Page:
Sunday, November 29, 2009

Too Much Community

It seems that there is a new emphasis on "Community" going around in Christian circles.

I've gone along with this without any fuss, because, well, community is important, but the emphasis has always made me a bit wary, and I've only recently gotten around to asking myself why I'm wary.

As I think about it, I believe the answer is that I am wary for the same reason that other emphases make me wary. I get wary when I think an emphasis is gaining such prominence that it might upset the bedrock emphasis that Jesus gave us in Matthew 22:37-40, that the most important command is to love God, and the second most important command (into which developing community would fall) is to love one's neighbors as one's self. When command number two starts to nudge out command number one, I start to get fidgety.

Also, I am a bit concerned that focusing on community can mean focusing on ourselves, as the church, and maybe forgetting those outside the church.

Another thing that kind of bothers me about "Community" (with a capital C), is that there is nothing inherently noble about communities. There are communities that do good works and there are communities of robbers and murderers. There are communities where the members are kept in misery and ignorance by abusive leaders. There are communities that don't want to be communities, such as prisoners in jail. You can't get away from communities. You probably belong to dozens of them. Your neighborhood, your city, your state or province, your country, your race, your religion, your hobbies, your work, your Facebook friends. Nazi Germany was a community, Soviet Russia was a community, Communist North Korea is a community. Communities are often sources of conflict as people identify themselves with their community as opposed to other communities.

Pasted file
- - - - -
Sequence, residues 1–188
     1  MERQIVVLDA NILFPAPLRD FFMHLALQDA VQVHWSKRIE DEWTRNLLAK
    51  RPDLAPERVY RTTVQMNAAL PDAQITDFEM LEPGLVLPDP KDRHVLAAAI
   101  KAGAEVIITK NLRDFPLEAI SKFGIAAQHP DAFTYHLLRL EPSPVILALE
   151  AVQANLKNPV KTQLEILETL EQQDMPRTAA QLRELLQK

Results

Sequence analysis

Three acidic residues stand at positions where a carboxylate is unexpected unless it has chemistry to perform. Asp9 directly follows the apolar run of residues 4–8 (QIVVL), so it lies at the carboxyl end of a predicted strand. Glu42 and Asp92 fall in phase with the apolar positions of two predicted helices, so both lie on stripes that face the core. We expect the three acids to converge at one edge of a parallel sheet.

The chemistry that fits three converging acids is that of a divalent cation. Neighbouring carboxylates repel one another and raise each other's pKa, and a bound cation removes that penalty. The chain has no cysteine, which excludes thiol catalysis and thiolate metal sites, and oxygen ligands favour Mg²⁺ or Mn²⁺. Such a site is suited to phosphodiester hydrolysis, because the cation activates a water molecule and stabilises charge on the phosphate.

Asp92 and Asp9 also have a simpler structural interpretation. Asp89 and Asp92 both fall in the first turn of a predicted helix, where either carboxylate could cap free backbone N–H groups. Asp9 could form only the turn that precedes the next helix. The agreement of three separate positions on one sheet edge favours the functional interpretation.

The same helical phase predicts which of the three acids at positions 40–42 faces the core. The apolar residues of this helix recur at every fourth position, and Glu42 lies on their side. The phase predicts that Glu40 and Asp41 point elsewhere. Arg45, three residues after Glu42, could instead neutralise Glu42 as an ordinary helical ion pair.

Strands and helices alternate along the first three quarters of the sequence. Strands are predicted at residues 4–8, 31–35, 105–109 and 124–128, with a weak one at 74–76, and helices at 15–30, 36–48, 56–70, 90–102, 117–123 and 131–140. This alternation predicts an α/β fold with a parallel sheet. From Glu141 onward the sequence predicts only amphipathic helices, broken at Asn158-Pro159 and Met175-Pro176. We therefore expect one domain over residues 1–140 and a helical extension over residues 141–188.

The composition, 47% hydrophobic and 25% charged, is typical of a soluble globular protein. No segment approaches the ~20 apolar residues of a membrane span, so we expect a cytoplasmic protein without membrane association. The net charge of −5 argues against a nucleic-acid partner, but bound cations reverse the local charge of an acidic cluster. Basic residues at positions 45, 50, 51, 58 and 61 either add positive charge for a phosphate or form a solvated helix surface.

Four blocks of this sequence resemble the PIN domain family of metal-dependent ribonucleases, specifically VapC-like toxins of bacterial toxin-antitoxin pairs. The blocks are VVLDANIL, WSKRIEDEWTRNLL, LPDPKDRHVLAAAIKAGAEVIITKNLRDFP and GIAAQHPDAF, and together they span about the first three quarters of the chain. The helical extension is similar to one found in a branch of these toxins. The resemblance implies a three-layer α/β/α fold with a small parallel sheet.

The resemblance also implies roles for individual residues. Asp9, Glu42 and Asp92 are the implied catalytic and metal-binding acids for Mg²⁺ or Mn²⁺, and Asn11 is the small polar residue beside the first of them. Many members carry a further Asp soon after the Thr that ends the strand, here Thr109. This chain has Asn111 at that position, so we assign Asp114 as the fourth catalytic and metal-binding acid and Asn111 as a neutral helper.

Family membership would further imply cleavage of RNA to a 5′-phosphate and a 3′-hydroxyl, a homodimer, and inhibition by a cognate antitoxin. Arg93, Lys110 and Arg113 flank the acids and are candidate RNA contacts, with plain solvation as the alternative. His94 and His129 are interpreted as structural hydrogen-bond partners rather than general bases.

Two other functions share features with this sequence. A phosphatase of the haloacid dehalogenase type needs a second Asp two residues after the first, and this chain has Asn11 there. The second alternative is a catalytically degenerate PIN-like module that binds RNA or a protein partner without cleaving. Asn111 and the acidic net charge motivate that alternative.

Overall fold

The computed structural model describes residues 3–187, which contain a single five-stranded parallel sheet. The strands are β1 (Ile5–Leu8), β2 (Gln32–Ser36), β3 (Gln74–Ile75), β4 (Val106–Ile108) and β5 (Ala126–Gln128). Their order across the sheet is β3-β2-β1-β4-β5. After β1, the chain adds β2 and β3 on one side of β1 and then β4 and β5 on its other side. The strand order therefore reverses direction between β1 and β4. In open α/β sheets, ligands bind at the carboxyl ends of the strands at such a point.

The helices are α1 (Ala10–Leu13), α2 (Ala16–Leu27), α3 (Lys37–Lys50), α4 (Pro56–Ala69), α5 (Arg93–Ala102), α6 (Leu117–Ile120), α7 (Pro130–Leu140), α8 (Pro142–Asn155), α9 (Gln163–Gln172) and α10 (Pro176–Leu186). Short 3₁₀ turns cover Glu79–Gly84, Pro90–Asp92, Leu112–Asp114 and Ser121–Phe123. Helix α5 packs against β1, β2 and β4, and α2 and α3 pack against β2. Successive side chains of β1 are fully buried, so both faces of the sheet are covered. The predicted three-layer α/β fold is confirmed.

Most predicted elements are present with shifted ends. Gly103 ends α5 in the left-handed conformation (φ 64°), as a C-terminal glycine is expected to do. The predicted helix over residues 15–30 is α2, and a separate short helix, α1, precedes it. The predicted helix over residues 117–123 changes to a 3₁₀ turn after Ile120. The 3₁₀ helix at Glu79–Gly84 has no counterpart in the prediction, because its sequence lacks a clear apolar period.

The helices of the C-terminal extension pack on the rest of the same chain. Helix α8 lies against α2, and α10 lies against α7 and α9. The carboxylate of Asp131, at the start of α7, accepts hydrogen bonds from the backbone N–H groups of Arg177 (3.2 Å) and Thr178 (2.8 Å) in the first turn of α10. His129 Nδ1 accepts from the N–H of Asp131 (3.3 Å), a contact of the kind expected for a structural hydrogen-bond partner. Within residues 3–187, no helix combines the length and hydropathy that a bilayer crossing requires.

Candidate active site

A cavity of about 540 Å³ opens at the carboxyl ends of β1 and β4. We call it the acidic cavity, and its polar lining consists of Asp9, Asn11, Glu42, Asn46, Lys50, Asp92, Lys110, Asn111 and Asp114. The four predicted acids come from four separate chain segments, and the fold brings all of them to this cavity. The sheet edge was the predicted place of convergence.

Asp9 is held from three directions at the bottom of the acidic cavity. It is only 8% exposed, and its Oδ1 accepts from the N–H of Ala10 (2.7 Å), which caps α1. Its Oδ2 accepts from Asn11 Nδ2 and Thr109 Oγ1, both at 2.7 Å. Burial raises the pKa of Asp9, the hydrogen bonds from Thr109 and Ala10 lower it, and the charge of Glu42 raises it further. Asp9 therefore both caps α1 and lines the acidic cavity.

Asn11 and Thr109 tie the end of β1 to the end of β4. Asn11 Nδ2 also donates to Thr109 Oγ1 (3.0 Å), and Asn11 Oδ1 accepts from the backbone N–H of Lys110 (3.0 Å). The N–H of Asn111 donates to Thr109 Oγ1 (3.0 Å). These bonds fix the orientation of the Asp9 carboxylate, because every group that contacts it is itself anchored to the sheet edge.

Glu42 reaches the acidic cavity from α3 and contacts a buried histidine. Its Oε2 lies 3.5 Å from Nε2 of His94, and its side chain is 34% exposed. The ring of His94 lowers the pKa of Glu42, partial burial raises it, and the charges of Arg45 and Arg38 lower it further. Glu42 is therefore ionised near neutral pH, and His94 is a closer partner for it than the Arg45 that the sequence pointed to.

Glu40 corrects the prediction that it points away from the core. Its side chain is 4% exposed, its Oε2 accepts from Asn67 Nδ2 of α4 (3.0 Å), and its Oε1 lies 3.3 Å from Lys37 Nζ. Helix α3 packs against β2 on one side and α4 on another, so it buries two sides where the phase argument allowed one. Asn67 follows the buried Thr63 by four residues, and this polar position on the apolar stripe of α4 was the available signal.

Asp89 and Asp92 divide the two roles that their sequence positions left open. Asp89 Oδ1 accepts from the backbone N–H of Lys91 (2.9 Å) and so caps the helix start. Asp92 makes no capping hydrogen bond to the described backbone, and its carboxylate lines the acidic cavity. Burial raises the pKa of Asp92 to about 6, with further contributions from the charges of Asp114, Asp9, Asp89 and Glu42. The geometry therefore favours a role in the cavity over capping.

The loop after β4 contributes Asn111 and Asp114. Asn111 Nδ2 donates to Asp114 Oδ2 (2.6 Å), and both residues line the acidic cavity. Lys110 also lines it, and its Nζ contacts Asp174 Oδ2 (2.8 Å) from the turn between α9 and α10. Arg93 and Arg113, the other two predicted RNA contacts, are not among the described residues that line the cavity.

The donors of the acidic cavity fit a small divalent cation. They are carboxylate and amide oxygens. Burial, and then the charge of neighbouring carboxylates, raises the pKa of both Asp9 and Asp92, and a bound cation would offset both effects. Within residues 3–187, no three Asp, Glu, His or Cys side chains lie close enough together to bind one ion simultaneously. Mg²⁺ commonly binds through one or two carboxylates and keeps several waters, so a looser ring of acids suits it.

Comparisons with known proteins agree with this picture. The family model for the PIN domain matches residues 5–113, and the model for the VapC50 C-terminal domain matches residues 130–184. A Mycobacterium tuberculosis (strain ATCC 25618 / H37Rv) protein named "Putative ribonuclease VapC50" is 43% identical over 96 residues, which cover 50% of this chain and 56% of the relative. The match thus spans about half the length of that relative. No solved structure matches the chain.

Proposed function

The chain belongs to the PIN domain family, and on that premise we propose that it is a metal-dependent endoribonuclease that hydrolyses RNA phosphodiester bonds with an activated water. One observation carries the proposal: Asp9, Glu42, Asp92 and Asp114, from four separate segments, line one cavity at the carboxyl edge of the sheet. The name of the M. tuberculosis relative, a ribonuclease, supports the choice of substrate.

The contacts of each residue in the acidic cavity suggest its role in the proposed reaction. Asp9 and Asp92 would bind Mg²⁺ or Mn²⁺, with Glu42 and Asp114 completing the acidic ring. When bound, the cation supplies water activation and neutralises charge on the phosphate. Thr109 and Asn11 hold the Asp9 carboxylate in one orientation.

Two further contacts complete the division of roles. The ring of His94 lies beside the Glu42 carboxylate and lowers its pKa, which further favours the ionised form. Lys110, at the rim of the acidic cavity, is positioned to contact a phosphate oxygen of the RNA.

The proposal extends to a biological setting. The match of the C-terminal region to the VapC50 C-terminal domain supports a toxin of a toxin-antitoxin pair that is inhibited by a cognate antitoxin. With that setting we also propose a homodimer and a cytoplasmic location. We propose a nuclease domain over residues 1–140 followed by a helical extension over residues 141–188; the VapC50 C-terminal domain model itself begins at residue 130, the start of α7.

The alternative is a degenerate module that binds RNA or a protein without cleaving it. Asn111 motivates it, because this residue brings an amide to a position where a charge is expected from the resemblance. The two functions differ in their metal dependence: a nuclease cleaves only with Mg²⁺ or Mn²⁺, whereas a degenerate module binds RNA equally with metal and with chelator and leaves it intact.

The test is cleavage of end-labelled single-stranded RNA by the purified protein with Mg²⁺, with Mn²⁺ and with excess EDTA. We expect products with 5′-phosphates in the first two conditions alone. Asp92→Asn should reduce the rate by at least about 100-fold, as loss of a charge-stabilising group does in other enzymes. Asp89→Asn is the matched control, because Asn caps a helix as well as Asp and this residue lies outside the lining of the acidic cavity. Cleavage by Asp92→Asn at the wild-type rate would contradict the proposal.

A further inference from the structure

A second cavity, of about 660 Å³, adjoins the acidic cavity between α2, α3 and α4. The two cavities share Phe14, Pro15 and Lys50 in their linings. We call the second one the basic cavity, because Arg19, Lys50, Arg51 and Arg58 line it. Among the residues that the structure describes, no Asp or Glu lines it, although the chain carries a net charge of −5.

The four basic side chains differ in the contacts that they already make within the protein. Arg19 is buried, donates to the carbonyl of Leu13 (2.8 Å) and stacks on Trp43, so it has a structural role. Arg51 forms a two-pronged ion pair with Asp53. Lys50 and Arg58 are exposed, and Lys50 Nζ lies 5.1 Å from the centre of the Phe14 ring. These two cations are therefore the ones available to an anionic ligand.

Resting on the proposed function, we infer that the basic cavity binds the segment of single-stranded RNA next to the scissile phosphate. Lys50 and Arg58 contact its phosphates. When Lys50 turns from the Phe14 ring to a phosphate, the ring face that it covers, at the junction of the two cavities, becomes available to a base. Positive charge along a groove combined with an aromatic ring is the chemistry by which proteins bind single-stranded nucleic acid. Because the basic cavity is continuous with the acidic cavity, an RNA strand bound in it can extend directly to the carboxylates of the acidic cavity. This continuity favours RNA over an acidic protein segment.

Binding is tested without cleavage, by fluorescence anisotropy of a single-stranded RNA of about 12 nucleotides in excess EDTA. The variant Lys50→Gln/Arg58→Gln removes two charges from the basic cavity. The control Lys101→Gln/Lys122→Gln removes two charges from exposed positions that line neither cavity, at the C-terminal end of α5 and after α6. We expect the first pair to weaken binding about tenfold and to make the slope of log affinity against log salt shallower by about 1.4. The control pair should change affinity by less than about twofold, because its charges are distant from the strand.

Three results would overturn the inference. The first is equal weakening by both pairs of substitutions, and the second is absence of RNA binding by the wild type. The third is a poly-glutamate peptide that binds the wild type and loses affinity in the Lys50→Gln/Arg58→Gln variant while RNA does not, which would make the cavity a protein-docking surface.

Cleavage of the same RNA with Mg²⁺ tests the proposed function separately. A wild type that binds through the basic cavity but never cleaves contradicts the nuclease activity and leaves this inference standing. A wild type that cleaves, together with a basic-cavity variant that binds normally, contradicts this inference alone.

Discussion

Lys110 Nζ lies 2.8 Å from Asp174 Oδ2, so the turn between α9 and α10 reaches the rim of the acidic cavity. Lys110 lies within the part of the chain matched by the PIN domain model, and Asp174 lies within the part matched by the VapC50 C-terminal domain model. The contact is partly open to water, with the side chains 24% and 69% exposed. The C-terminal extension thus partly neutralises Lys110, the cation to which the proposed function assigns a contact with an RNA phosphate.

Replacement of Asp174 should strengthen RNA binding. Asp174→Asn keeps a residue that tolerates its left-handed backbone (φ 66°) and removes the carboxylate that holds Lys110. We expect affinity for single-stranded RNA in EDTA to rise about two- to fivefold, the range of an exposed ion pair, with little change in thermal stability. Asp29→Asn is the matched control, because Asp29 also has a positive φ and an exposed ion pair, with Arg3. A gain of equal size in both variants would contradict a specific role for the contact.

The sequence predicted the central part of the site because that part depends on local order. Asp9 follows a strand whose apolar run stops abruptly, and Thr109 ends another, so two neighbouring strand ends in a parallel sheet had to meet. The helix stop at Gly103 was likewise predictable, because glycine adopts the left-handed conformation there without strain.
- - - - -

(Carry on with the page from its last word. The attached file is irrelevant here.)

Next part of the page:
Good and bad, they are all over the place and I don't think you can get away from community unless you are a self-sufficient hermit living in the outback of Australia or Alaska.

So I really don't think there is any particular need to emphasize the importance of community any more than there is a need to emphasize the importance of air. It is important; we all know it is important; and for the most part, it is just there.

And as for the church, the church IS a community, whether it wants to be or not, so I'm not sure I see much value in telling people, "We need to be a community" when that is what they already are. Instead, I think the church should emphasize being a good community, a godly community, worshiping God together and helping each other out and reaching out in love beyond our church community.

Happily, for the most part, even if I'm not entirely comfortable with their choice of words, I think that is what most people mean when they emphasize community, and so for the most part I applaud, but I just think we should be careful not to promote command number two to replace command number one.